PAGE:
Yameen sworn in as president of the Maldives
The winning candidate in the delayed presidential run-off election in the Maldives, Abdulla Yameen, has been sworn in in the capital, Male.
Earlier his rival, former President Mohamed Nasheed, conceded defeat, saying that having an elected president once more made it a "happy day".
Regional power India was among the first to congratulate Mr Yameen.
Maldivians and foreign diplomats hope two years of political turmoil are ending, a BBC correspondent says.
This drawn-out election process has been interrupted by interventions from the supreme court and the police which caused many to wonder whether there would be a conclusive result at all, the BBC's Charles Haviland reports.
Mr Yameen is a half-brother of Maumoon Abdul Gayoom, who was president for 30 years until 2008 and imposed rigid control over the archipelago - a Sunni Muslim country that is best known as a luxury holiday destination.
According to the election commission, Mr Yameen secured 51.3% of the vote in the run-off election, compared with 48.6% for Mr Nasheed.
In his first remarks after being declared the winner, Mr Yameen said the country desperately needed stability.
"Instead of confronting political leaders, we will confront the big challenges facing our country," he added.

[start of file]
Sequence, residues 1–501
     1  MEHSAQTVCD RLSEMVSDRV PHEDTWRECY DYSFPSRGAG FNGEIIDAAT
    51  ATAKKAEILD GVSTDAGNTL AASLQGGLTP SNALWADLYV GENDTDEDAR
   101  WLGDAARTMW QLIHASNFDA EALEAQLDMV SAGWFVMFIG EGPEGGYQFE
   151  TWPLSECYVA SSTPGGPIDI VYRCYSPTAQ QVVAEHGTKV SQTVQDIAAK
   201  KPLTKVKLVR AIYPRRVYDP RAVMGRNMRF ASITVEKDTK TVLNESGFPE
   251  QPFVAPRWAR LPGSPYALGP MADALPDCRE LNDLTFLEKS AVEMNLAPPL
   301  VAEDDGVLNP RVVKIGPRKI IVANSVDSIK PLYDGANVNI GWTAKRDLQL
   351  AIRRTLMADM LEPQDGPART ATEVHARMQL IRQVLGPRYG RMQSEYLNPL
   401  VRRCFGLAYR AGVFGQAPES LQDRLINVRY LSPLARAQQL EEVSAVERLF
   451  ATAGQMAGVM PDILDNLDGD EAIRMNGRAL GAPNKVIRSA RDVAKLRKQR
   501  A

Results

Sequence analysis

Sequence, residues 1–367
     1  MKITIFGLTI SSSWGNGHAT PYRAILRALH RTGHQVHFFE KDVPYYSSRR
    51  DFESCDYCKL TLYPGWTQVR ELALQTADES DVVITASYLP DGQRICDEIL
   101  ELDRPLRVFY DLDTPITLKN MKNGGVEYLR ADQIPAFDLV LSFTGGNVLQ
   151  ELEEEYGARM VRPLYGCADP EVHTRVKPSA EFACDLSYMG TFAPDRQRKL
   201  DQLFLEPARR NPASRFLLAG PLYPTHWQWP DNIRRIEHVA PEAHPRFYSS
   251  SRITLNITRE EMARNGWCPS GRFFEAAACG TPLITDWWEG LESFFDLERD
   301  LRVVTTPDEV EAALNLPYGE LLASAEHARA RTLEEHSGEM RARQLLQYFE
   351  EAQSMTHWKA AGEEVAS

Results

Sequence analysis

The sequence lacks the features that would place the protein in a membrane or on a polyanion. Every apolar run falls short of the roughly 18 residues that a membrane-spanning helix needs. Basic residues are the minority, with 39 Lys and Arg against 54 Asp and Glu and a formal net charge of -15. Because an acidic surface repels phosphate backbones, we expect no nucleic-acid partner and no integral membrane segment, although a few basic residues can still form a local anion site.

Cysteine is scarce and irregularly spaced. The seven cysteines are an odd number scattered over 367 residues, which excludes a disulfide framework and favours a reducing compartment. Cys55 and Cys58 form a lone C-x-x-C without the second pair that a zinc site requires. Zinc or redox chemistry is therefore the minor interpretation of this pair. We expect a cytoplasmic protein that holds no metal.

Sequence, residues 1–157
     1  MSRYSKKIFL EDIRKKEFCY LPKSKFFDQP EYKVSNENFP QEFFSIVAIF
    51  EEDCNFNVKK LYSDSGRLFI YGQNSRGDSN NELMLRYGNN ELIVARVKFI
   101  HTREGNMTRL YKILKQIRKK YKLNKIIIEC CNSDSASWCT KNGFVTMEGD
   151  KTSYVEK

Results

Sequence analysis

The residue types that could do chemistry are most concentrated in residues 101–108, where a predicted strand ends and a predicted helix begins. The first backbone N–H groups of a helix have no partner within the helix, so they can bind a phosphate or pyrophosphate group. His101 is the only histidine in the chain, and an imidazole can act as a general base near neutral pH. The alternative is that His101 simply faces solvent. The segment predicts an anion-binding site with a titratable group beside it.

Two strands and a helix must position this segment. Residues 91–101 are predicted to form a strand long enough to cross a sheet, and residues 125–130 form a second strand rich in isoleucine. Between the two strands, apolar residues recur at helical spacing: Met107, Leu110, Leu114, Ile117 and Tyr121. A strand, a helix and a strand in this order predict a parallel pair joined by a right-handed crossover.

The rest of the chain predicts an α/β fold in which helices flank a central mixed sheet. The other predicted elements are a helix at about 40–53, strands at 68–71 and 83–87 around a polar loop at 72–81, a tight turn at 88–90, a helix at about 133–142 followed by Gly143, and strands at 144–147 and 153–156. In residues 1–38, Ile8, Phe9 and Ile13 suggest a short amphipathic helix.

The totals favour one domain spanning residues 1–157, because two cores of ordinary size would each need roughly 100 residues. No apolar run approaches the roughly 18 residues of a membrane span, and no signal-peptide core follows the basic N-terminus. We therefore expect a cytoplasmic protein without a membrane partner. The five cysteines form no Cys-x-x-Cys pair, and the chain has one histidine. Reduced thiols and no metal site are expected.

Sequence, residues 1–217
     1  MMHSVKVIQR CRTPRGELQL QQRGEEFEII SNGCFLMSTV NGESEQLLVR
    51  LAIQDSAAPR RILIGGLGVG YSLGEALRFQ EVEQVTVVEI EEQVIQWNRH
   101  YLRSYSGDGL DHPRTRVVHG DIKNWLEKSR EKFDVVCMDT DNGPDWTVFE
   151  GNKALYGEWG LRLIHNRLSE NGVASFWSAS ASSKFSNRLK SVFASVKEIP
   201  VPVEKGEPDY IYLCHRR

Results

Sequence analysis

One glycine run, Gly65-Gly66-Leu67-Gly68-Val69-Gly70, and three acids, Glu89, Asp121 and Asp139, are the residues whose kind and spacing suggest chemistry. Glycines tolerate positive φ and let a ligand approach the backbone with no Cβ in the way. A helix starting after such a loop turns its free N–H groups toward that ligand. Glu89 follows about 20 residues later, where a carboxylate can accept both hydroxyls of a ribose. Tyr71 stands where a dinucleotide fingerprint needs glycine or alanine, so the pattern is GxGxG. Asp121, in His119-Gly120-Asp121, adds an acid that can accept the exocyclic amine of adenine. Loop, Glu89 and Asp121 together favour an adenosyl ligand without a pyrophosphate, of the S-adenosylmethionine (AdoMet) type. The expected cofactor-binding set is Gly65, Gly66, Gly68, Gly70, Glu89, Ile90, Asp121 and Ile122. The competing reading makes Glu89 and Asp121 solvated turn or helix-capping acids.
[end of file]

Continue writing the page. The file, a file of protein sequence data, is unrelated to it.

Mr Nasheed said for his part: "I graciously accept defeat. We lost by a very small margin. Democracy is a process. It is up to us to make it work."
"India looks forward to co-operating closely with the new president of Maldives and his government," said Syed Akbaruddin, spokesman for the Indian ministry of external affairs, in a tweet.
"We welcome the acceptance of the verdict of the people of Maldives by all sides and commitment expressed to take the country forward on the path of stability, progress and development," the Indian ministry added in a statement.
There had been months of legal and political wrangling over the election, causing concern among foreign diplomats.
The first round of the election only took place on 9 November after the supreme court annulled a first vote on 7 September amid allegations of electoral fraud, and its planned re-run on 19 October was halted.